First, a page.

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Pulse (Basel). 2017 January; 4(Suppl 1): 1–2.
Published online 2016 December 23. doi:  10.1159/000448497
PMCID: PMC5319595

New Epoch for Arterial Stiffness Measurement in the Clinic

Age changes the vascular structure and function in the normal population, but it has a different effect on wave reflection and pulse wave transmission [1,2]. Many longitudinal studies have found that arterial stiffness measurement among hypertensive patients, diabetic patients, healthy elderly, and people with high cardiovascular (CV) risk will better evaluate arterial health and predict CV events. European guidance for arterial stiffness measurements described in the European consensus document (2006) [3], the publication of the international reference standards (2010) [4] and the American Heart Association (AHA) scientific statement on arterial stiffness measurements in the USA (2015) have standardized arterial measurement [5], and thus arterial stiffness measurements have been more widely used in clinical settings. The question now is which measurement of arterial stiffness is more accurate to precisely predict future CV events. Most of the guidelines designated aortic pulse wave velocity (PWV; carotid-femoral PWV) as the golden standard (especially in the Western society) [6], but in Japan, where arterial stiffness is the most widely used and where they achieved a great amount of data on brachial-ankle PWV and cardio-ankle vascular index (CAVI) [7], studies found a relationship between organ damage and future CV events. Townsend's [8] brief review on recommendations and standardization of PWV measurements also justified its clinical and scholarly use.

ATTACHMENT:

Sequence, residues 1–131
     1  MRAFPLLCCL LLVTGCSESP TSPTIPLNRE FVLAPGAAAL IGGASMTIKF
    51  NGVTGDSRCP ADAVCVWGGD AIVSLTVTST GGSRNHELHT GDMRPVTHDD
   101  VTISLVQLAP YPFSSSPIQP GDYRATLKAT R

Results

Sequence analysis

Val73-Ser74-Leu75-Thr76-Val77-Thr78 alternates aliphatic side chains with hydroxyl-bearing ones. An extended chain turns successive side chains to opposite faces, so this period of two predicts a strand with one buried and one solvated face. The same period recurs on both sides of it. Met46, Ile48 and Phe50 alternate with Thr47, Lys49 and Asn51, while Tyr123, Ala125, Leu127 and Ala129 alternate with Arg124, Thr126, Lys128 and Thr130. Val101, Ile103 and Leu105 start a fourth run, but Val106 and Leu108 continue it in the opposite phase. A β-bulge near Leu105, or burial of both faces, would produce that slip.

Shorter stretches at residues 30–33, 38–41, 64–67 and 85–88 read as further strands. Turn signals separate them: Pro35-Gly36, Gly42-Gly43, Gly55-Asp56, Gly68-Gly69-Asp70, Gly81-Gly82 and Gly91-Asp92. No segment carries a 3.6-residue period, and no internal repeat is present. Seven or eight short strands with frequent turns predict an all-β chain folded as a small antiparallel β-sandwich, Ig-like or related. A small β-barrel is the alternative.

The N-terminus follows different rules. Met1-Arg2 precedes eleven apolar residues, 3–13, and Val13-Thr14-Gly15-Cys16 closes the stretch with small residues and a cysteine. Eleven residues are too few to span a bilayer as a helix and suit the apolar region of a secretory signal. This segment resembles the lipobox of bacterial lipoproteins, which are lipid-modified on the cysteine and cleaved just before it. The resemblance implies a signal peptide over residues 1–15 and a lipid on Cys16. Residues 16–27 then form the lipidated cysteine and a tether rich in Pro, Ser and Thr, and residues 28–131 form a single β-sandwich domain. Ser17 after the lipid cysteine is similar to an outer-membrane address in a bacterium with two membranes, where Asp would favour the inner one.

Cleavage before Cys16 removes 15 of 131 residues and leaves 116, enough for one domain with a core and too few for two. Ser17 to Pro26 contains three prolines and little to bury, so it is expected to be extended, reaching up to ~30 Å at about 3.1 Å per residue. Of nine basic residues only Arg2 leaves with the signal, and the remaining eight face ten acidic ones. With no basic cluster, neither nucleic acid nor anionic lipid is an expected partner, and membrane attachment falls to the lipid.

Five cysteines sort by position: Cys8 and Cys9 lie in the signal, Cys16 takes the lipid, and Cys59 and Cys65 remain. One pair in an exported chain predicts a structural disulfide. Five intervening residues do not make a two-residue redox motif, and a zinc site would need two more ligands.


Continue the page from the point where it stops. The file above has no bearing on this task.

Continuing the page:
The articles from Korea [9] and Thailand [10] describe CV risk factors and outcomes using the CAVI. The modified RAMA-EGAT score from Thailand combined the conventional risk prevention model with arterial function. It would be helpful to have age- and gender-stratified values of the CAVI in healthy Koreans and in high-risk patients of a metabolically risky condition. The study from Thailand developed its own risk prediction model called the RAMA-EGAT score, which proved to be accurate in the prediction of CV risk in patients with intermediate atherosclerotic risk factors in the Thai population [11], and a further modification of the RAMA-EGAT score with the CAVI enhanced its accuracy. Now they are conducting a long-term prognosis study in patients with diverse risk conditions. The Framingham-CAVI score from Japan [12] is very impressive as well. In many cohort studies, further estimation of arterial structure and function in addition to traditional risk factors have been found to increase the prediction rate of future CV risk, and the fact that the CAVI is widely used in Thailand and Japan indicates that the analysis of arterial structure and function is becoming normal in clinical settings. Based on the studies conducted in Asia reporting on clinical experience and data on the CAVI, the CAVI is expected to be widely used in Europe or the US as well, and further consensus and clinical experience in Western societies will increase its applicability. We believe that the CAVI to predict CV events in Japan (CAVI-J), which examines patients with common high-risk factors such as diabetes mellitus, metabolic syndrome, high-risk hypertension, chronic kidney disease, history of ischemic heart and brain disease for 5 years, will give us further information. In that sense, the mini-reviews of this issue will be a good start.

Jeong Bae Park, Seoul

Kazuomi Kario, Tochigi

Disclosure Statement

The authors declare that no conflicts of interest exist.

References

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Articles from Pulse are provided here courtesy of Karger Publishers